The 150-mile Buffalo River flows through the heart of the Ozarks in northwestern Arkansas and runs through rapids and quiet pools surrounded by massive multi-colored cliffs rising nearly 700 feet above the riverbed. The river’s watershed includes 700 species of trees and plants and provides habitat for 250 species of birds and a variety of wildlife. More than one million people visit the Buffalo National River each year to canoe, float the river, swim, hike, and camp in a spectacular and unspoiled setting, generating $38 million in local economic benefit for the region.

    Among multiple errors and omissions, FSA’s environmental assessment incorrectly defines the acreage of the C&H facility, does not take into account nearby sensitive areas such as the Mount Judea Elementary School, and ignores the consequences of liquid manure running through the porous karst geology of the Buffalo River region.

    In addition, the notice of FSA’s environmental assessment was never published in a local newspaper in the vicinity of Mount Judea, Arkansas and no public comments were received. The National Park Service (NPS) was not informed of FSA’s environmental review until February 2013 – two months after some $3.5 million in loans were already guaranteed by FSA and SBA to the C&H operation. In fact, in a subsequent letter to FSA, the Park Service proceeded to identify 45 problems with the environmental assessment and stated that it was “so woefully inadequate that it should immediately be rescinded.”

    “It is incredible that no one, most especially those of us who live in the Buffalo River watershed, was notified about an industrial-sized hog farm so close to the river until after C&H was guaranteed millions by the FSA and SBA,” said Jack Stewart, Buffalo River Watershed Alliance. “Considering the magnitude of the hog operation and the impacts to our health and the health of the Buffalo River, thousands of Arkansans would have fought the placement of this factory farm from the outset.”

    “Due to the tragic lack of appropriate public notice, I learned of the granting of a loan to C&H Hog Farms with the loan guarantee by FSA and SBA several months after the fact,” said Robert Cross, president of the Ozark Society. “I then read the EA in detail. In my many years in industry and academia I have never seen such irresponsibility and negligence in carrying out a task having so much importance to the primary stakeholdersundefinedthe American public. Although 600 pages long, it is all virtually meaningless and obviously prepared with the thought that there would be no review. I do have faith in the American justice system in that FSA and SBA will be called to account as a step to stopping the hog farm in the fragile ecosystem of the Buffalo National River.”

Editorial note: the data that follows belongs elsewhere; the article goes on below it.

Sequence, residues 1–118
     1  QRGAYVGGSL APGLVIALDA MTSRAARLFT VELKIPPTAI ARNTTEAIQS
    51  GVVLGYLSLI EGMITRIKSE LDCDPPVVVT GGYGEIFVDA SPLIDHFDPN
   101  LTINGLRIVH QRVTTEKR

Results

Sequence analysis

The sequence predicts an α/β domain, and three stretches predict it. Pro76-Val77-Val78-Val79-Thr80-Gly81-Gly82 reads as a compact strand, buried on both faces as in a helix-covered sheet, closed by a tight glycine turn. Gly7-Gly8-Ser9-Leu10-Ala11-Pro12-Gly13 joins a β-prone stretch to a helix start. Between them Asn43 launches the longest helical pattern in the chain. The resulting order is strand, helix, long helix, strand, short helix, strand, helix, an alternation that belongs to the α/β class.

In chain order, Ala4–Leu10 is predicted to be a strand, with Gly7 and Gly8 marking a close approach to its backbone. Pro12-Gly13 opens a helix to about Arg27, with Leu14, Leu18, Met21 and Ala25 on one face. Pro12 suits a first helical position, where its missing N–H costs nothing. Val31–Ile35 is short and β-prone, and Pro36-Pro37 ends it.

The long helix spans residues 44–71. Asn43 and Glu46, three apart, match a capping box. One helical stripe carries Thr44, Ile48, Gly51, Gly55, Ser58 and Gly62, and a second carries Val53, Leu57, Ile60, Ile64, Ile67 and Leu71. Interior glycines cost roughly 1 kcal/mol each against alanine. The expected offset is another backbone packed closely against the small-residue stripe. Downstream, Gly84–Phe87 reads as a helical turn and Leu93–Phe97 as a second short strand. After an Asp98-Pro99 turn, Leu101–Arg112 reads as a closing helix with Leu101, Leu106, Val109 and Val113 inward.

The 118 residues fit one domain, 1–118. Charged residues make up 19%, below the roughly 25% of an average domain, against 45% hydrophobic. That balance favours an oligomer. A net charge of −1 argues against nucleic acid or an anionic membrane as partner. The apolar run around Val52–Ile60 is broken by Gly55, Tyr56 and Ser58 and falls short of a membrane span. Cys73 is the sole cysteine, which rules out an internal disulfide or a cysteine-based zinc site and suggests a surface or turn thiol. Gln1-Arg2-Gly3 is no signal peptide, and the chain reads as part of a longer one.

A particularly glaring flaw in the environmental assessment is the hog facility’s Nutrient Management Plan (NMP), which contains significant errors, omissions and misrepresentations. C&H will dump additional phosphorus-laden hog waste onto fields that already have all, or more than, the phosphorus they need. Accordingly, if the hog facility proceeds, significant amounts of phosphorus will be available for runoff into groundwater, Big Creek and downstream to the Buffalo River, causing nuisance algae and significantly altering the ecology of the stream system. With this facility sitting atop extremely porous ground, the risk for contamination of the Buffalo River is exceptionally high, and this risk is at odds with the protections required for a national park.

    Despite the numerous problems overlooked in the environmental assessment’s NMP, in the absence of any public opposition a “Finding of No Significant Impact” (FONSI) was signed by the FSA on August 24, 2012. In December 2012, the FSA authorized loan guarantee assistance requested by Farm Credit Service of Western Arkansas on behalf of C&H for 90 percent of a $1,302,000 farm ownership loan. SBA guaranteed a separate farm ownership loan issued by Farm Credit to C&H in the amount of $2,318,136.

    “We believe that FSA and SBA violated both the National Environmental Policy Act and the Buffalo National River Enabling Act with their loan guarantees to C&H,” said Marianne Engelman Lado, an attorney with Earthjustice, a public interest law firm representing the groups. “FSA also egregiously violated their own regulations requiring local public notice and proceeded through its entire environmental review and decision-making process with absolutely zero public input.”

    In sum, Emily Jones at National Parks Conservation Association said, “The complete lack of public input to date, the inadequacy of the environmental review, and the severity of the potential environmental impact to Arkansas’ signature outdoor tourist attraction, make it imperative for the USDA to take corrective action and revise the environmental assessment and the decision to issue a loan guarantee to C&H Hog Farms.”

    Earthjustice, Earthrise and local attorney Hank Bates are representing the Arkansas Canoe Club, Buffalo River Watershed Alliance, National Parks Conservation Association, and The Ozark Society in sending the letter to the USDA and SBA.

     

    Source: earthjustice.org

  • 06 Jun 2013 3:50 PM | Anonymous
    BRWA and its coalition partners issued a demand letter to FSA and SBA. The letter is intended to notify USDA and SBA that unless acceptable solutions are implemented by July 8, 2013, the groups will be forced to seek compliance with the law in court.  

  • 05 Jun 2013 11:02 AM | Anonymous member (Administrator)
    Harrison Daily Times

    Geologist wants hog farm suspended, writes letter to ADEQ

    Posted: Wednesday, June 5, 2013 2:30 am
    Staff Report dailytimes@harrisondaily.com | 0 comments

    A group opposed to C & H Hog Farms at Mt. Judea has shared a letter from an Arkansas scientist to the Arkansas Department of Environmental Quality calling for the farm’s permit to be suspended until his concerns are investigated.